More of the usual type of updates

Kīlauea erupted June 3 for a few hours, and then it ended. We could tell something was about to happen by the increase in earthquakes (not that we felt any) for which we received alerts, and from the daily email alerts from USGS (U.S. Geological Survey). We had vog for days, but not too bad. And emissions are almost back to background levels. It came, it went.

Here are a few photos from the farm, starting from the newest, this morning (Sunday, June 9). I didn’t want to put the sweet potato slips or pieces in pots, because they need to be in the ground. But I feel like it’d be just feeding the pigs. I don’t know where we can put them in the ground, so they’re “temporarily” in pots. Once again … I’m in planting stasis.

My brain works like this … purple sweet potato, pigs, recent plant uprooted by pigs (ewa hinahina), native plants, koai’a. We received seeds for koai’a last year in our Master Gardener class. Those are the ones that we were told would germinate in nine months. Care for them like a baby. They germinated sooner than that. We planted three in the ground two weeks ago, without pig protection. Pigs can’t be everywhere all at once, can they? (I’m not sure about that …) So far, the two healthiest tree babies are still standing. One wasn’t doing well when it was planted and perished.

We finally went to the Koai’a Tree Sanctuary in Kohala. It’s surprising. It’s this patch of trees amidst a lot of pastureland. I’ll let you read more in this blog entry I found a while ago on Koai’a Tree Sanctuary — Precious Trees and Fabulous Views. The author is a professional photographer, and he spent more time on his write-up. There are also two beautiful, stately ʻōhiʻa trees in the sanctuary that are several hundred years old. Those trees made me understand why people would want to hug trees. And there were plenty of healthy, full ‘a’ali’i shrubs, which had lots of colorful flowers.

Our friend who was visiting (the reason we went) was constantly teasing Hubby and I about being Master Gardeners, as if we should be plant experts. I kept saying it means we’re interested in plants, we took a class, and we try to constantly learn more and give something back to the community. We aren’t the experts, though it gives us the chance to rub elbows with people who know much more than us.

I tried to germinate ‘a’ali’i seeds at home at the end of January, following the “recipe” in the Hawai’i native plant bible that we also use at Greenwell Garden. Not one ever germinated. We just planted some at Greenwell Garden, and two weeks later we had several trays of seedlings. So it can be done. I like having regular contact with the staff and volunteers there. You can ask, “what’s the secret?” and sometimes you get tips, and sometimes you just get a shrug. You try things out and you observe.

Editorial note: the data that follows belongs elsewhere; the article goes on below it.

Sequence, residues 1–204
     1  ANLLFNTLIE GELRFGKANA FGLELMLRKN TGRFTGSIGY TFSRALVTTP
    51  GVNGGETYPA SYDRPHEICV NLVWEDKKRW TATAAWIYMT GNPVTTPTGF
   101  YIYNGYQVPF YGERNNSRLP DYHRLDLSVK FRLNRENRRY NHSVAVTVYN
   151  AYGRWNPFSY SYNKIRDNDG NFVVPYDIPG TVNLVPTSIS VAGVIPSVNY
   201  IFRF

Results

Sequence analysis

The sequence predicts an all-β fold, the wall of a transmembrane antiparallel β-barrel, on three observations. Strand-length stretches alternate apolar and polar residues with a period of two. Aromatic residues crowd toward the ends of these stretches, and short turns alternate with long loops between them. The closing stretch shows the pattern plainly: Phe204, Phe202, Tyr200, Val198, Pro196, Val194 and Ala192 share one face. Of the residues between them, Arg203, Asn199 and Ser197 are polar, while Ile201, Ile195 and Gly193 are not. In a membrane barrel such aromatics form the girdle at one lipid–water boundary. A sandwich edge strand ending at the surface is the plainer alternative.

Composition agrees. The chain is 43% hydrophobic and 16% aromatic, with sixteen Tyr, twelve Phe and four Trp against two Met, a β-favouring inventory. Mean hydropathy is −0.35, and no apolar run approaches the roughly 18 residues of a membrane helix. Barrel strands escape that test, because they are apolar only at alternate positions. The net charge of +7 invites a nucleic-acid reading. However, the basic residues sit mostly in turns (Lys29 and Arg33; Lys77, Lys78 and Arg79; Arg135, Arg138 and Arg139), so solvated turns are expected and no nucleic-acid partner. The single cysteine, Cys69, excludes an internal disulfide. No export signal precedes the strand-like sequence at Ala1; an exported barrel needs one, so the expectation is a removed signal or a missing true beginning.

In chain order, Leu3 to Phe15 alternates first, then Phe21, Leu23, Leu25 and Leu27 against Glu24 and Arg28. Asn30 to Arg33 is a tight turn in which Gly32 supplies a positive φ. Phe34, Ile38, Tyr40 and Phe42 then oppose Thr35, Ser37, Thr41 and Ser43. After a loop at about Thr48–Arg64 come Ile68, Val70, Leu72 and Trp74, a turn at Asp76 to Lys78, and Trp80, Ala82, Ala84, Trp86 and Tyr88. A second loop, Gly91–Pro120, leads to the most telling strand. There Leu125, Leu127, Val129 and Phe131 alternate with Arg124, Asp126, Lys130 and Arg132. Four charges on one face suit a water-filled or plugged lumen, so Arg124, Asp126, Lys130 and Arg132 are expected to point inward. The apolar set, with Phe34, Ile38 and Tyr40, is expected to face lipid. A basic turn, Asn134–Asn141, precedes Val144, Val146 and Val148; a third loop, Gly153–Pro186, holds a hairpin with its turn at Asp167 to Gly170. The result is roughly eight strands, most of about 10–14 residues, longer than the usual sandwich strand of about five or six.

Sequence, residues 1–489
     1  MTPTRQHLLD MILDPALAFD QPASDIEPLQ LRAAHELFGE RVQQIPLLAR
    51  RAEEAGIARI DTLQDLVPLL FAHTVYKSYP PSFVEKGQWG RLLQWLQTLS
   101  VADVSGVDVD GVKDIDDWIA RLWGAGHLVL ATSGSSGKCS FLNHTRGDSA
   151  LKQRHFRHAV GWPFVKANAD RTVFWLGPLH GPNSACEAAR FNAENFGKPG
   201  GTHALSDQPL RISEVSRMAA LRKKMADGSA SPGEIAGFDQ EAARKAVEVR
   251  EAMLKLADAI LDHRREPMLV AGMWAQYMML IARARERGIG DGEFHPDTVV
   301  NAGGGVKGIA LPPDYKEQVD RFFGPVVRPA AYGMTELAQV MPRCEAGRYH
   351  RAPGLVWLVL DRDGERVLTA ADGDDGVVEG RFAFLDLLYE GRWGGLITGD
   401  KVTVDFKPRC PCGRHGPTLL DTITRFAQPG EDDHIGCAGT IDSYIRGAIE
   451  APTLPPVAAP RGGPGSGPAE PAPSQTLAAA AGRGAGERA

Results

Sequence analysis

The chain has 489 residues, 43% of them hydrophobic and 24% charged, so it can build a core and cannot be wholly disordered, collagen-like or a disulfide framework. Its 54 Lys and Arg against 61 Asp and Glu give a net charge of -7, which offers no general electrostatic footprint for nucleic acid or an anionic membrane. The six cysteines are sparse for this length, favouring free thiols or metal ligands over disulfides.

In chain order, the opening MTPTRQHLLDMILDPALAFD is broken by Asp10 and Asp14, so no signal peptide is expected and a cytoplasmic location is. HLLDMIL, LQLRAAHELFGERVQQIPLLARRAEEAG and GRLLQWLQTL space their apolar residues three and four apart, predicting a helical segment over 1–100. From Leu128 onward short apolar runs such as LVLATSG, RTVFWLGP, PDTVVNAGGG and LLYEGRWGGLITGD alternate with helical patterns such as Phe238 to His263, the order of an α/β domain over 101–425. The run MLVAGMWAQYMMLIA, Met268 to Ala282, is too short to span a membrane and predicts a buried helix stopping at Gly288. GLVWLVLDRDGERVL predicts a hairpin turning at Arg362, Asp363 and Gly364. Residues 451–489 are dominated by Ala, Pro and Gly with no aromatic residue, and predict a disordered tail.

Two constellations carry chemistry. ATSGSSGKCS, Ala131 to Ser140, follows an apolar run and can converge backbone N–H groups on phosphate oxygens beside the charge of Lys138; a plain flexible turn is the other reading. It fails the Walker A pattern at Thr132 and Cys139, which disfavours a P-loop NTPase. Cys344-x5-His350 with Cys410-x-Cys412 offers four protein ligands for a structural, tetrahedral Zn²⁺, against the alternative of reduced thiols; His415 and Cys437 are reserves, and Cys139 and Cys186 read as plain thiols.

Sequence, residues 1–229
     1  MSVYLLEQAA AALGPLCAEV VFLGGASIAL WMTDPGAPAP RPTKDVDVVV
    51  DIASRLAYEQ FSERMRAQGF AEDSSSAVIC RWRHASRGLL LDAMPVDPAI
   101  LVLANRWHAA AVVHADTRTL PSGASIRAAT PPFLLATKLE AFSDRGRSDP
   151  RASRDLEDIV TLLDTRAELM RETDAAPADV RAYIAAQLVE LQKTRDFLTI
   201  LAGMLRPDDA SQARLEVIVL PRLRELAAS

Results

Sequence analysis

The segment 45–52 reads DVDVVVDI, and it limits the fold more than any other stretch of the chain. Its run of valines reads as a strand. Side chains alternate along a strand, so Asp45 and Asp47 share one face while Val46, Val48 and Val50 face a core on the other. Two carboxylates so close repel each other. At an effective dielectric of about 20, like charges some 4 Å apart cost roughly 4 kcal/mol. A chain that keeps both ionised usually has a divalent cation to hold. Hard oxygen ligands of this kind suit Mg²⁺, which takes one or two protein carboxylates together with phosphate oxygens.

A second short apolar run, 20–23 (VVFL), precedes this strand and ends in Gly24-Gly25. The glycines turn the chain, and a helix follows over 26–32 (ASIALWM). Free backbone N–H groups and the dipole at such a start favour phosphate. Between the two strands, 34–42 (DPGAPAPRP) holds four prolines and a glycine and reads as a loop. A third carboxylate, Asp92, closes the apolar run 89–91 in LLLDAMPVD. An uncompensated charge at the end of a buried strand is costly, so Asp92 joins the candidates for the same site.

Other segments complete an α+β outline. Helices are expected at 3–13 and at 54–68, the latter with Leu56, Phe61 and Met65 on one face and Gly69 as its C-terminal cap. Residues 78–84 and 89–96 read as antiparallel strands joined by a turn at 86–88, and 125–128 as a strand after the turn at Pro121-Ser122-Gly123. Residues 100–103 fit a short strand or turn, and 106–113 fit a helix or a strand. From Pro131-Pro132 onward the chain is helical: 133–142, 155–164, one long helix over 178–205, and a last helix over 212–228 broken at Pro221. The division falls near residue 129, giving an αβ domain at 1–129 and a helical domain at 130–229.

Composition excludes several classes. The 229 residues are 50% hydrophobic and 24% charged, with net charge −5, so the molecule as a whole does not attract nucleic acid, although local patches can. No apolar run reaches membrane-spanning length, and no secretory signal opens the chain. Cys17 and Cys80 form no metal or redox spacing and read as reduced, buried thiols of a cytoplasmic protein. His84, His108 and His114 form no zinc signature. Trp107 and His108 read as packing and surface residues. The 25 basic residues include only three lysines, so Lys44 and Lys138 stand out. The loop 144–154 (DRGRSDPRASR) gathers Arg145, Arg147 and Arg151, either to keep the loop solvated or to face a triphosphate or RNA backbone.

Since we’ve been at the koai’a sanctuary, days later when we were driving the mauka road (upper Mamalahoa Hwy) to Waimea, I noticed the dark green patch amidst all the grass, which is the sanctuary. The photo below shows a close-up of the patch, but you can see the dark green patch from much further away once you know what you’re looking at. I’m trying to imagine when the area was full of trees versus pastureland. Same with the wiliwili trees near Waikoloa Village. What would we do without these tiny forest sanctuaries?

A few updates on topics I’ve covered before … Greenwell Garden and the chickens …

And I’m impressed that the roaster I notified about the wrong island in their Kona Peaberry photo (shown here), has updated their photo.

They’re now showing the correct island. But they’re in the wrong district. They also have a copyright in the middle of their photo, so now you know who the roaster is, too. I wasn’t mentioning them by name before.

Any one know where this is? The first person I showed this to knew. No coffee grown there. Keep in mind we have super micro microclimates on this island. Only four miles away, they might receive 0.1 inch of rain overnight when we receive 1.5 inches. This photo is many more miles away, and in a different district.

2 thoughts on “More of the usual type of updates

  1. How forested was the island in the past? Has it been de-forested and then trying to re-plant in places (like in Ireland)? Super interesting one…and good on you for keeping the roaster honest 🙂

    1. I’ll have to look into the question about past forestation. I have a feeling based on things I’ve heard and read, but I have to more carefully research and answer.

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